In a 1740 letter to an English friend, Voltaire expressed his regret at being unable to visit him, as he could not live without, even for a short period, “that lady whom I look upon as a great man and as a most solid and respectable friend. She understands Newton; she despises superstition and in short she makes me happy.” The famous French poet, playwright, and polemicist was then midway through his extraordinary fifteen-year love affair with the Marquise du Châtelet, a liaison that would produce works of genius from both their pens.

Émilie du Châtelet was a mathematician, physicist, and philosopher who loved to bedeck herself in diamonds, attend salons and soirées, show off at court, and indulge in amorous adventures. Émilie was born into French aristocracy and showed an early aptitude for learning. Her father hired the best Parisian tutors to educate her. When she was nineteen, he arranged her marriage to the Marquis du Châtelet, a man who adored his young wife, appreciated her talents, and never interfered with her indefatigable pursuit of intellectual excellence.

At twenty-six Émilie resolved, after giving birth to her third child, to turn to the serious study of mathematics. At a dinner party in Paris, she encountered Voltaire. He was thirty-nine and after an exile in England — his controversial compositions frequently forced him to flee France — he had returned steeped in Newton’s scientific discoveries and the philosophy of Locke. He couldn’t, however, arouse in French academics — devoted Cartesians — any intellectual curiosity, much less enthusiasm, for these new ideas from across the Channel. Émilie became ignited mind and body by Voltaire and his ability to clearly express complex notions about the natural world. For his part, Voltaire found in the Marquise someone whose scientific intelligence enhanced, challenged, and eventually surpassed his own.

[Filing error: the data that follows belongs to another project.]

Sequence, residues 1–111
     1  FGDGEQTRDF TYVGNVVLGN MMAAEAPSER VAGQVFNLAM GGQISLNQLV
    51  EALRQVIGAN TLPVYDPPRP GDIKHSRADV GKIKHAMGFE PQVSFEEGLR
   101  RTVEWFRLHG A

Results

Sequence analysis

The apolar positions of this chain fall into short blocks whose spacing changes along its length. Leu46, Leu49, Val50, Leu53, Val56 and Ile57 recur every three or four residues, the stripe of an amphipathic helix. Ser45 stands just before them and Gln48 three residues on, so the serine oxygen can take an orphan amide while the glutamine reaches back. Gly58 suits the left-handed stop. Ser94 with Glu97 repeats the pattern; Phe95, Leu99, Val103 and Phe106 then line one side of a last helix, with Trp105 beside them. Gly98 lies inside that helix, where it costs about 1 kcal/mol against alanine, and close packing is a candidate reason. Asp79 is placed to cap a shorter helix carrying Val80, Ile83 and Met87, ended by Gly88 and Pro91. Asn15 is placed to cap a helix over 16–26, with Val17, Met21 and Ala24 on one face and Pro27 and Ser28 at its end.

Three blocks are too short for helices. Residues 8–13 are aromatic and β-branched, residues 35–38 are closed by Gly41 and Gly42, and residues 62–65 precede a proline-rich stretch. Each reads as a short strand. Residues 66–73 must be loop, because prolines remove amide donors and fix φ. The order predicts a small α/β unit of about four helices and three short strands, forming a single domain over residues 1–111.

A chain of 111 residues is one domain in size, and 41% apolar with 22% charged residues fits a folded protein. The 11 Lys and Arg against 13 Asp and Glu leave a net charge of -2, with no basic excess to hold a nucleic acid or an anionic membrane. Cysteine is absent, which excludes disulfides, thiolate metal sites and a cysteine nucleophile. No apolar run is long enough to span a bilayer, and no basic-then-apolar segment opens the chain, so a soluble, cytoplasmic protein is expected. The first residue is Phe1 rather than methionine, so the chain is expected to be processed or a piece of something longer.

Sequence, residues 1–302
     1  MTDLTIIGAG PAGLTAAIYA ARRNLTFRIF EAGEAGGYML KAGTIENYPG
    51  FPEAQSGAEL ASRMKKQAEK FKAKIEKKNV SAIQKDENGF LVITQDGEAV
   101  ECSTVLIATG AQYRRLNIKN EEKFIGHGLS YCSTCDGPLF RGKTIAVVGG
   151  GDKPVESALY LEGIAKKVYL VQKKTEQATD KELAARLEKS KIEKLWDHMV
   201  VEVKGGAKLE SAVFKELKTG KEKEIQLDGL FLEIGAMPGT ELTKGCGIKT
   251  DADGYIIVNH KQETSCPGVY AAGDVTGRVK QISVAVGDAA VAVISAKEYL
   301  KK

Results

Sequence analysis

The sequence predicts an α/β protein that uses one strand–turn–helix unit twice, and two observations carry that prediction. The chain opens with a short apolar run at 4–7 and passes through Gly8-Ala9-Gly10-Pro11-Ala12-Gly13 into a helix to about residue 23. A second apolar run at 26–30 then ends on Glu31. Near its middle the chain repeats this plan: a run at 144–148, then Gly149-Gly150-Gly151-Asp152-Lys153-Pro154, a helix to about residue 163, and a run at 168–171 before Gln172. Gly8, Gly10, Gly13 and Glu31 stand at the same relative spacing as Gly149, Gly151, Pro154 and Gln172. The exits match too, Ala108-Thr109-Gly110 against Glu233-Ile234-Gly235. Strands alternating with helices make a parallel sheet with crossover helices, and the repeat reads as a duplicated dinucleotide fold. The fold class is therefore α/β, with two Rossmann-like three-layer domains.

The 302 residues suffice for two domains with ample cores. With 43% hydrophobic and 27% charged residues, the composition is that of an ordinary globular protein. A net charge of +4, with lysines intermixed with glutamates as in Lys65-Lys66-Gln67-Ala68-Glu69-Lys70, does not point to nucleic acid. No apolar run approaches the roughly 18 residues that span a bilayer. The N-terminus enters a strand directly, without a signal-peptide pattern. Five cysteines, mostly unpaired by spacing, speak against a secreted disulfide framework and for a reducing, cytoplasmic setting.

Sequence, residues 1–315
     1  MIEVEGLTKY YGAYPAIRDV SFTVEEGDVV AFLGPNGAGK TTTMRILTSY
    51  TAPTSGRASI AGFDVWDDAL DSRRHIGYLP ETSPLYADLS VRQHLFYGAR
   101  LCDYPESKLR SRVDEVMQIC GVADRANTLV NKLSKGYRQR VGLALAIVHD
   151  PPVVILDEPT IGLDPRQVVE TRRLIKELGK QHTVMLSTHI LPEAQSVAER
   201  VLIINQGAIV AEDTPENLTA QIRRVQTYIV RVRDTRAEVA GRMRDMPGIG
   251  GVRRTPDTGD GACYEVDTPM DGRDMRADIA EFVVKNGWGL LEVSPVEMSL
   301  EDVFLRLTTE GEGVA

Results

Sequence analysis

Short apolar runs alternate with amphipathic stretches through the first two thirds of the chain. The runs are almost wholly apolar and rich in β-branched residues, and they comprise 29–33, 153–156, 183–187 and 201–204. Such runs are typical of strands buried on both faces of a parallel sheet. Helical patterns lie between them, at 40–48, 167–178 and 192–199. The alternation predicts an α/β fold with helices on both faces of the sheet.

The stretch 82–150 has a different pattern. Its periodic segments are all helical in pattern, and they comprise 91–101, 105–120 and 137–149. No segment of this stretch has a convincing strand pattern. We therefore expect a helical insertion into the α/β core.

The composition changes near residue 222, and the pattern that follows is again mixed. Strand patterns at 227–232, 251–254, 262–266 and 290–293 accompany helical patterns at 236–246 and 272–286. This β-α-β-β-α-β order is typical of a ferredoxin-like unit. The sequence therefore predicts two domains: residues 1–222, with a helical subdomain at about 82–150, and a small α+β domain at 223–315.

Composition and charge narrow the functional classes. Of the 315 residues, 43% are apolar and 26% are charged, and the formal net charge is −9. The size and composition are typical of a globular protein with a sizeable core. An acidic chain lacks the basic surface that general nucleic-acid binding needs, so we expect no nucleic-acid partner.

Their uncommon relationship drives Nancy Mitford’s remarkable 1957 book Voltaire in Love, reissued by The New York Review Books in November 2012. In zestful prose, itself dripping with Voltarian wit, Mitford spins an account of the lovers’ incessant shenanigans, both highbrow and bawdy, and in so doing paints a flamboyant, down-and-dirty tableau of the French Enlightenment. Mitford offers hilarious and astonishing reports of the lovers’ quarrels, betrayals, and sexual appetites; their embroilments with the nobility at Versailles; Émilie’s destructive gambling habit (to repay her staggering debts she developed a financing arrangement similar to modern derivatives); Voltaire’s endless fights with fellow writers and banishments by the royal censor; the ménage at Cirey, Émilie’s husband’s country estate in Champagne where the lovers transformed a crumbling chateau into a resplendent laboratory and high-powered think tank; the myriad productions, both failures and successes, of Voltaire’s plays, many featuring Émilie as leading lady; Émilie’s desperate push to finish her masterpiece, an annotated translation of Newton’s Principia Mathematica, after discovering at age forty-two that she was pregnant by her young lover (by then she and Voltaire no longer shared a bed) and unlikely to survive the birth, which she did not.

Adam Gopnik, in his introduction to the new edition of Mitford’s book, calls it “a small-scale masterpiece of antiheroic history.” Mitford’s work is an amuse-bouche for at least three subsequent full-scale biographies of the Marquise: The Divine Mistress (1970) by Samuel Edwards; Émilie du Châtelet: Daring Genius of the Enlightenment (2006) by Judith Zinsser; and David Bodanis’s Passionate Minds: Émilie du Châtelet, Voltaire, and the Great Love Affair of the Enlightenment (2006), which details how fundamental du Châtelet’s work was to scientific development.

Read on at Bookslut


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